Degtyaryov Pekhotny 'DP' Machine Gun
|Country of Origin||Russia|
|Barrel Length||604.500 mm|
|Rate of Fire||550 rounds/min|
|Muzzle Velocity||840 m/s|
Contributor: C. Peter Chenww2dbaseThe Ruchnoy Pulemyot Degtyaryova Pekhotny gas-operated light machine guns, designed by Vasily Degtyaryov, were made the standard light machine gun for the Russian Army in 1927. These guns were sometimes known as "DP" light machine guns, with "DP" meaning Degtyaryov Pekhotny, or "infantry machine gun". The greatest appeal of these light machine guns was that they were very cheap to build while still possessing acceptable stopping power. They were also known for their reliability, being able to withstand a rather great amount of dirt without jamming. While the machine guns were reliable, the original bipods broke easily; this issue was resolved with the 1943 DPM variant, which, aside from the bipod redesign, also had relocated springs and new pistol grips.
The DT and DTM variants of the DP light machine guns were used aboard vehicles, and the DA variant aboard aircraft.
WW2 experience showed that the 47-round pan magazines were too small to sustain a high rate of fire in combat situations. In 1946, the belt-fed variant RP-46 ("RP" for Rotnyj Pulemet, or "company machine gun") machine guns began to enter service to resolve this issue. Although having belts of 200 or 250 rounds resolved the problem, the design of this new variant dictated that the RP-46 light machine guns be unloaded of ammunition before moving, which introduced a new disadvantage to the gun. Nevertheless, communist countries used these guns in great quantities; Communist China acquired a license to mass-produce them locally as the Type 58 machine guns.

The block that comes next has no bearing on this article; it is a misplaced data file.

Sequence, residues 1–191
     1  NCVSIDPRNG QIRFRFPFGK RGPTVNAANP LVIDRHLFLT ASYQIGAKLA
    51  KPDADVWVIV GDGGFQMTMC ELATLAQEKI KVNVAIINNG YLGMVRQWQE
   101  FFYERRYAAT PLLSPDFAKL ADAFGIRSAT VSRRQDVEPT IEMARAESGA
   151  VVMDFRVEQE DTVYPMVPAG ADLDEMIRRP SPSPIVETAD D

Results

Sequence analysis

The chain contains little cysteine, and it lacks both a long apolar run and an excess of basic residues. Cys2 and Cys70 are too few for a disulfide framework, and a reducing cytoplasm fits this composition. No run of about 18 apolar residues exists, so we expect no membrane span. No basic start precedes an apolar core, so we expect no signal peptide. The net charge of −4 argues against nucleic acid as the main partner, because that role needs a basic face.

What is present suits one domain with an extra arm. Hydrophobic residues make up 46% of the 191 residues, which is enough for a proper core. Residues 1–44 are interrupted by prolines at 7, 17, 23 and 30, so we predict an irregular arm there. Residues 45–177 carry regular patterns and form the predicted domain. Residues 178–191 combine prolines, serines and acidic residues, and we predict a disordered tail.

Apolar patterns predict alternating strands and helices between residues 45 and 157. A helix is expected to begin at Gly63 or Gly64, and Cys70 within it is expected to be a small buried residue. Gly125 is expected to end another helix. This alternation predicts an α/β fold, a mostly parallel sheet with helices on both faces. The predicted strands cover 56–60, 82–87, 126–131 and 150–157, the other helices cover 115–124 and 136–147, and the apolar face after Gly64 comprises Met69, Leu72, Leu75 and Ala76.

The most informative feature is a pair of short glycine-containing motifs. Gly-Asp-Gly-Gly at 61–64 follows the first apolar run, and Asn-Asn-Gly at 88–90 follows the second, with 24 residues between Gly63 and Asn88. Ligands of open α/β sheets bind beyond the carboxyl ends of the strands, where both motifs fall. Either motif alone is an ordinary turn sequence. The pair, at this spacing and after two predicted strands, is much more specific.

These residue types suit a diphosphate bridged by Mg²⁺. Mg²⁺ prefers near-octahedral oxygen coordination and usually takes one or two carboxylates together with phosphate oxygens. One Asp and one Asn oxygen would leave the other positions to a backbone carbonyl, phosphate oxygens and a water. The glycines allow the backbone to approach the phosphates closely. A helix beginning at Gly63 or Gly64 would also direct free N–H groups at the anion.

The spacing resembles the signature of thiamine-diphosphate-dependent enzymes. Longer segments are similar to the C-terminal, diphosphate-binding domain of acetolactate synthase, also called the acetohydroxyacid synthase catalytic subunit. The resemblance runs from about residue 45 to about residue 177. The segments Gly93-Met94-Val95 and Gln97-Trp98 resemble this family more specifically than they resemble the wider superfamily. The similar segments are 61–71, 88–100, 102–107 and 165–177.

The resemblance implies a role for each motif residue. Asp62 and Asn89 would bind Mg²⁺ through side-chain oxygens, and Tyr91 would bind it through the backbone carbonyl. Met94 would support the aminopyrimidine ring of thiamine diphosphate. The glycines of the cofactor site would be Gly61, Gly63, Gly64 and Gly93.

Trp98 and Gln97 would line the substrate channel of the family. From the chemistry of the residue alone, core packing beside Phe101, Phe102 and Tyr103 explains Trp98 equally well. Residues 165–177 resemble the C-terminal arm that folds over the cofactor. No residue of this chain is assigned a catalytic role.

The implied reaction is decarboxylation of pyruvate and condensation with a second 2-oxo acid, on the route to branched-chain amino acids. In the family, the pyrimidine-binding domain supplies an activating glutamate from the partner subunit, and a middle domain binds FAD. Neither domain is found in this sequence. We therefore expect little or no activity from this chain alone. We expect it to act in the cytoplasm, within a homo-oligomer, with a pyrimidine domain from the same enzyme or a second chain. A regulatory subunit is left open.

DP light machine guns remained in use in Soviet militaries until the 1960s. Over the design's production life, about 795,000 were built.
Source: Wikipedia. ww2dbase
Last Major Revision: Jan 2008
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Joachim von Ribbentrop, German Foreign Minister, Aug 1939